Response to news of dementia being leading cause of death

Rachel Hutchings, Policy Officer, responds to news from the Office of National Statistics that dementia is the leading cause of death in the UK.

You may have heard that dementia and Alzheimer’s disease are now the leading cause of death in England and Wales. This means that for the first time, more people are dying of dementia than heart disease – in 2015, 1 in 9 people died of dementia.

Response to news

There are a few reasons why these numbers have gone up:

  • More people are receiving a diagnosis of dementia than ever before – about two thirds of people now get a formal diagnosis
  • Doctors are more aware of dementia and have a better understanding of what happens when a person with dementia approaches the end of life
  • Age is the biggest risk factor for dementia and our ageing population means that more people are living for longer and spending more years in ill health
  • Changes to the way cause of death is recorded have also meant more people have dementia recorded on their death certificate

But, the figures also reflect that there are more people living with dementia and that, sadly, there is still no cure.

This news highlights just how important it is for us to make sure that there’s the best possible care for people with dementia today, and research into new treatments or a cure for tomorrow.

What we will do

My team makes the Government, NHS and other health and social care organisations think about how their work will affect people with dementia, and make improvements. In my job, I focus on making sure that people with dementia are able to get the best possible care towards the end of their lives, and their family and carers are equally supported, too. The number of people with dementia, and sadly dying with dementia, are going to continue to rise – it is our responsibility to make sure that dementia remains a priority in end of life care services.

Specifically, we want people to:

  • Be supported to plan ahead for their future care and treatment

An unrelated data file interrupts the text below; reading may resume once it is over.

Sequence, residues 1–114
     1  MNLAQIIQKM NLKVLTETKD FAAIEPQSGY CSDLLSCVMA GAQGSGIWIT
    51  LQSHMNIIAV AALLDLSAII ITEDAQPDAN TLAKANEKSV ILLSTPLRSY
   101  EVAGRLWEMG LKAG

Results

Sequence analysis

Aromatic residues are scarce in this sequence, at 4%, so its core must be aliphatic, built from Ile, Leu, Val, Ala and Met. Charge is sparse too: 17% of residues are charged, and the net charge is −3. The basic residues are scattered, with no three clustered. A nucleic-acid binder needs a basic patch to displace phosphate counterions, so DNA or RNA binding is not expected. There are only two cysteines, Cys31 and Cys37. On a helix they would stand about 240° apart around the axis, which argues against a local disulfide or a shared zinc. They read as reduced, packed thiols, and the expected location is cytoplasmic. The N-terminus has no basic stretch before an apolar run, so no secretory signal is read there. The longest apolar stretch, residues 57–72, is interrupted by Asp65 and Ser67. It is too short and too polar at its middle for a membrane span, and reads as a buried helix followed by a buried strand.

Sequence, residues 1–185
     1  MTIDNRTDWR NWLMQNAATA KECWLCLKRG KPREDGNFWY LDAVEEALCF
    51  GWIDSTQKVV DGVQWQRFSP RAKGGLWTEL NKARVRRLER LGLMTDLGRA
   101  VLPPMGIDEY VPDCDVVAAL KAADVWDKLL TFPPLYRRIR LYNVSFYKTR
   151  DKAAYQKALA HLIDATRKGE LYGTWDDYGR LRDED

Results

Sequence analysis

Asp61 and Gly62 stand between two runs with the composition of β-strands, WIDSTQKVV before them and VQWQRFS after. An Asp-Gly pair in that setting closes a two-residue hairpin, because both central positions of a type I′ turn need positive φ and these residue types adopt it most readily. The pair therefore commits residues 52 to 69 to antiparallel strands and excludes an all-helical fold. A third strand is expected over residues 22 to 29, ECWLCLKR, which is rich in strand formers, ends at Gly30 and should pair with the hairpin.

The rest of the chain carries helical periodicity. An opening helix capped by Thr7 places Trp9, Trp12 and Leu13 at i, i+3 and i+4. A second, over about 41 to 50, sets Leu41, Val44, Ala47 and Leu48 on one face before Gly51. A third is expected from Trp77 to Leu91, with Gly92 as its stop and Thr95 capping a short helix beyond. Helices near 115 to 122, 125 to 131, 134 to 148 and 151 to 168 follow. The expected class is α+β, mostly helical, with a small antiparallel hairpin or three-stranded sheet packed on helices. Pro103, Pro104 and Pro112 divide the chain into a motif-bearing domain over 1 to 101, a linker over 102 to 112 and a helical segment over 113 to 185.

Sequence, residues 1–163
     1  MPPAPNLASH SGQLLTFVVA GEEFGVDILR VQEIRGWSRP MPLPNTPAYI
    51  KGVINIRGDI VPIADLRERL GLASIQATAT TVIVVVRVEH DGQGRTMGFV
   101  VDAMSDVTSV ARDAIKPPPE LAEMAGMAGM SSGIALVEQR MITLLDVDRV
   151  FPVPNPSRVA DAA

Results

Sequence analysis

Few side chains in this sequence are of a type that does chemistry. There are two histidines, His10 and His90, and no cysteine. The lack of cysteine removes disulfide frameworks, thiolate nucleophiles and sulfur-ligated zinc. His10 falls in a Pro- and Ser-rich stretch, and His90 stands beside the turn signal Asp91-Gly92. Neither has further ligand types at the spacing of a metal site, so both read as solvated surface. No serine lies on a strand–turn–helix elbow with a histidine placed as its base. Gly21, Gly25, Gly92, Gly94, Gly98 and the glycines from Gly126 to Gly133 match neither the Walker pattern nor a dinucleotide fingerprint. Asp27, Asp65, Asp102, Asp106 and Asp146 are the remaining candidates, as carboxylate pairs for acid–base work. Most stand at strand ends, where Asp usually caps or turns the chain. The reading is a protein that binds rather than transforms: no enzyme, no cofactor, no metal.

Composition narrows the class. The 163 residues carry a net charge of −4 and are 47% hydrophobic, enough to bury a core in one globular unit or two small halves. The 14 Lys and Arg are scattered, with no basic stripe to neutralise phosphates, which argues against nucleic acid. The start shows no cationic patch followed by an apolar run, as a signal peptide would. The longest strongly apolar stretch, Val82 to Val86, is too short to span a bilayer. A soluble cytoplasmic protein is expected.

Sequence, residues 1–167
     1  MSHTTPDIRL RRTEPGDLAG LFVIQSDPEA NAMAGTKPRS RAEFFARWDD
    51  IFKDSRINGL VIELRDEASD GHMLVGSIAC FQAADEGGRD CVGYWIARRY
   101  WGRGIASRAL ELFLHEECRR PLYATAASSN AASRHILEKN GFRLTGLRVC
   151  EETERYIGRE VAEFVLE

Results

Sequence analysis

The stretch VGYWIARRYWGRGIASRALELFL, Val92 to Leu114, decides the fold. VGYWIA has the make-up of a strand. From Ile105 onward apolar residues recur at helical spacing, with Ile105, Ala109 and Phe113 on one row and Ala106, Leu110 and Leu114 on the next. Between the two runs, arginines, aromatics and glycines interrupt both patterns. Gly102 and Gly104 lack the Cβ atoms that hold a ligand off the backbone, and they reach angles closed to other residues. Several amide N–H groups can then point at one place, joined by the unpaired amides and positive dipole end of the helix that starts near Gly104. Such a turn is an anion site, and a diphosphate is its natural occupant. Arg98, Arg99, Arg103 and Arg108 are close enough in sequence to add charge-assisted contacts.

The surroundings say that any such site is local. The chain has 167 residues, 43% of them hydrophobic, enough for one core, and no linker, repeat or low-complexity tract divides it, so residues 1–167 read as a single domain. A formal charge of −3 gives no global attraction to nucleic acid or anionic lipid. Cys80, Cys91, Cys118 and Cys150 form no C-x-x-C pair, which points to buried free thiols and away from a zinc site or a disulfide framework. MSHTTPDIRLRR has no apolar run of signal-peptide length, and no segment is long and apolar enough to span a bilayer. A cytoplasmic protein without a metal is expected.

• Have care that’s based on their wants and needs, and at the right time
  • Have bereavement support and easily accessible information
  • Now that dementia is the biggest killer, it is essential that it remains a top priority in this country and we will be working hard on these issues over the next few months in our campaigning work.

As well as this, we need to make sure that research into finding effective treatment and eventually a cure remains high on the agenda. A lot of progress has been made in finding treatments that alleviate and sometimes cure other conditions but this is not the case for dementia – we need to make sure this happens.

You can find out more about the research we fund.

What you can do

There are many things you can change in your everyday life to reduce your risk of developing dementia. We know that what’s good for your heart is good for your head and many of the risk factors for dementia are also the same for heart disease. Exercising regularly, getting a balanced diet and not smoking all help to lower your chances of developing the condition.

You can find out more about reducing your risk of dementia.

Everyone who develops dementia will sadly have the condition when they die. This news has given us another big reason to campaign for people with dementia to get the possible care right up until the end of life, and for research that takes us closer to a cure in the future.

Categories

3 comments

Add your own

[…] Last week, the Welsh Conservatives tabled a debate in the Welsh Assembly on the rights of older people. The debate focused heavily on dementia, not least because of recent news that dementia is now the main cause of death in England and Wales. […]

Thank you for the email and the up to date information. I will photocopy it.
I think we are all so responsible for how we look after ourselves !. the food we eat,
Smoking, Alcohol, being physically active and keeping the brain cells working, but
why don't people listen.
This should be included in the Education of 14yrs plus students at School.

My husband has mixed dementia and severe aortic stenosis . When I asked our GP which one was more likely to be the cause of my husband's death......he said

People don't die of dementia !

Leave a comment

Your email address will not be published. Required fields are marked with *

The content of this field is kept private and will not be shown publicly.